Thursday, April 29, 2010

Should I or Shouldn't I .... have an agent or rep?

 Lately I have been getting a number of emails asking me if I have an agent or how to get an agent or if an illustrator needs an agent. This article is directed mainly at illustrators and those who write and illustrate their own children's books.

These thoughts are based on my own experience and opinions, so you must also consider the views of others who are much better known in the field of Children's Book Illustration.

Agency representation is a very personal choice on the part of the illustrator or author/illustrator. Just as you go about carefully choosing the agent you most want to represent you, the agent will have criteria for acceptance of illustrators and authors.

If you are just beginning to write and/or illustrate for children a great agent could give you a head start.    But devoting too much time to finding an agent shouldn't be a priority.   The best pathway to success is to keep your writing and your illustrating fresh, explore new ideas, work hard on any assignment that you receive and take the suggestions and criticisms of editors, designers, and art directors with grace and act upon them. Focus on your work and make it the best you can.  Attend conferences, workshops, and classes that will help you grow as an artist.

Many beginning artist/illustrators are out there searching for agency representation.  However, having an agent does not guarantee immediate success.  If you do feel you want to share your fees with an agent it is a good idea to make sure it is a top notch agent who works full time in the field.  Any choice other than the type of agency that is well respected and works full time at the business is not worth your time or your money.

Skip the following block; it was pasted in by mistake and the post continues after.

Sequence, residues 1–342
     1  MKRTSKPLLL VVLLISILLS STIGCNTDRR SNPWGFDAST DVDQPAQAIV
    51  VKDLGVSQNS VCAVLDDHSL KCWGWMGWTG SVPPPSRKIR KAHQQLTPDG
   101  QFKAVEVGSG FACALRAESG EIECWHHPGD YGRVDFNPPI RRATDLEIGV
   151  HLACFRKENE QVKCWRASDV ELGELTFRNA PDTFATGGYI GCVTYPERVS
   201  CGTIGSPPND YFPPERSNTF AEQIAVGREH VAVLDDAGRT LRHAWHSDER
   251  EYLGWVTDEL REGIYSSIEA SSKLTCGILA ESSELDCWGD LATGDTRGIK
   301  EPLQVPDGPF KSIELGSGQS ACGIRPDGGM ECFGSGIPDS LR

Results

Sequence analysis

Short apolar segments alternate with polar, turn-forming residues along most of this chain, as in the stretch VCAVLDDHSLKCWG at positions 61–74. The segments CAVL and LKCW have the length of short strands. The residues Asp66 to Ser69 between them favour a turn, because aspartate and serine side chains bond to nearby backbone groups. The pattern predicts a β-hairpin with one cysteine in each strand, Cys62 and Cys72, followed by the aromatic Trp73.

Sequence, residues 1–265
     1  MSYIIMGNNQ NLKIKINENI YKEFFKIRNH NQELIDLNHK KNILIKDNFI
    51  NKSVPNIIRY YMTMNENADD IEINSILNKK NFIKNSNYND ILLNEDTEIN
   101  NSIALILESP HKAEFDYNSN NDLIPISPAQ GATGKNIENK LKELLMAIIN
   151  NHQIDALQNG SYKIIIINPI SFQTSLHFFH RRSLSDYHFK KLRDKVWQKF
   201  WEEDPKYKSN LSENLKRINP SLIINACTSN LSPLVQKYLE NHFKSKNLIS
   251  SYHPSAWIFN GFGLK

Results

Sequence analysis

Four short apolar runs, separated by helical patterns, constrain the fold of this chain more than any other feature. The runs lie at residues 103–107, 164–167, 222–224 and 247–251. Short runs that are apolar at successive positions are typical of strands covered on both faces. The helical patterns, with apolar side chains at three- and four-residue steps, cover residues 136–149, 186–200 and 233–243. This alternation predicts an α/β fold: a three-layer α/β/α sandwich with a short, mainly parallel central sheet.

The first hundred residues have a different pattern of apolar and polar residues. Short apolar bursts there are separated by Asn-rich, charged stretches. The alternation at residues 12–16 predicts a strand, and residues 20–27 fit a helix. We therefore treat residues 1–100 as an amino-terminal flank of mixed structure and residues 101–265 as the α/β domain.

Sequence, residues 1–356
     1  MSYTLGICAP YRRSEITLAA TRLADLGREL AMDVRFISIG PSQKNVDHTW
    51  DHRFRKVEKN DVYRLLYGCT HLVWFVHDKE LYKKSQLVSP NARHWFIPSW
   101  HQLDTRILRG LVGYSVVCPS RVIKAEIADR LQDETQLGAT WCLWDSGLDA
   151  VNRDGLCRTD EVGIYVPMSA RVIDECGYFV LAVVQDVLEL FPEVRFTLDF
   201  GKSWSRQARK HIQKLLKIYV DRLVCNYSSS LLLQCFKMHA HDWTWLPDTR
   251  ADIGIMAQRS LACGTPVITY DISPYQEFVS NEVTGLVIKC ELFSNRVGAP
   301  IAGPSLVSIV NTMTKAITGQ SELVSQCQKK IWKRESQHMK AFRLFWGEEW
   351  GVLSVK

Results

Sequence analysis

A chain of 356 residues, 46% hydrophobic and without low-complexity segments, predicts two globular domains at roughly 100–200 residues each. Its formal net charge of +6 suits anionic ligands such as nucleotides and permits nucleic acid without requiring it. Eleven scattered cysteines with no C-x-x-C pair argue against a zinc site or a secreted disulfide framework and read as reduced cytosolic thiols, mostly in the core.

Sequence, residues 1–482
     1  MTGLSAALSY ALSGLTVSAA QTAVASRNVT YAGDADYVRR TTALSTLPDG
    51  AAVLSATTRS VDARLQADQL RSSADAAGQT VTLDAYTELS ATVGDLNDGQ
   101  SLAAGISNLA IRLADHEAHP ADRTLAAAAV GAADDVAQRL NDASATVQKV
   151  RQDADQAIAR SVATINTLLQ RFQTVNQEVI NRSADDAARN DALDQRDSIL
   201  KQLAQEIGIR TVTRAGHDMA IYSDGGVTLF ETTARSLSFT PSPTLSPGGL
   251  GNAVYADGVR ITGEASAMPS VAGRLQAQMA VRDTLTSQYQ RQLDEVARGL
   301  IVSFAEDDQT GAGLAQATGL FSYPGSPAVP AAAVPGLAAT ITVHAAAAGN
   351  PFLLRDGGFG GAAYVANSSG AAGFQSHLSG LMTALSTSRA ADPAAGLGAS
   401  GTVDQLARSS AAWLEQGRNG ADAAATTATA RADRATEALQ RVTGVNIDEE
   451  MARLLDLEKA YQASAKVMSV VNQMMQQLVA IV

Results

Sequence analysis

So, for the sake of an example, let us say you found a great agent, the agent agrees to represent you and find suitable assignments for your type or art.  You now have someone or a group that will handle the contracts, negotiations, and submissions to houses that only accept them from agents.  

You will need to be prepared to accept the assignments given to you.  You can't be too choosy about the work that your agent offers you.  You will be asked to share in the promotional costs.  In addition you will need to let go of the business issues that are the responsibility of the agency. You will need to meet deadlines, take criticism, make changes and behave in a totally professional manner.  An upbeat and positive attitude are great qualities in an author or illustrator and are appreciated by the publishing community .


Your talent, if your nurture it, will create a pathway for you with or without an agent. Be the best you can, be excellent.

5 comments:

Kelly H-Y said...

This is a wonderfully informative post!

Andrew Finnie said...

Thanks Ginger "You will be asked to share in the promotional costs." Sounds a bit of a take to me that part. Like vanity publishing :)

The illustrations with the article are perfect :)

Ginger*:) said...

Hi Andrew, No it is only fair as the agency has to handle up to 40 or more artists. They take a percent of the illustrator or author fees, but it could never cover the total costs of advertising in the prestige annuals that go out to publishers. However, if you are good at the business side and getting good assignments, an illustrator, at least, can work as their own agent. It is most likely more important for a writer to have a literary agent to open doors in the publishing community.

Rena said...

Great post, Ginger!

Cheryl Lynn said...

This is a wonderful post. Great advice indeed. I'm looking for an agent, but I have put that on hold for now so I can focus on my portfolio right now. I'll pick up the search after I upgrade my portfolio.

Thanks so much for this great advice.

P.S. Your illustrations are fabulous.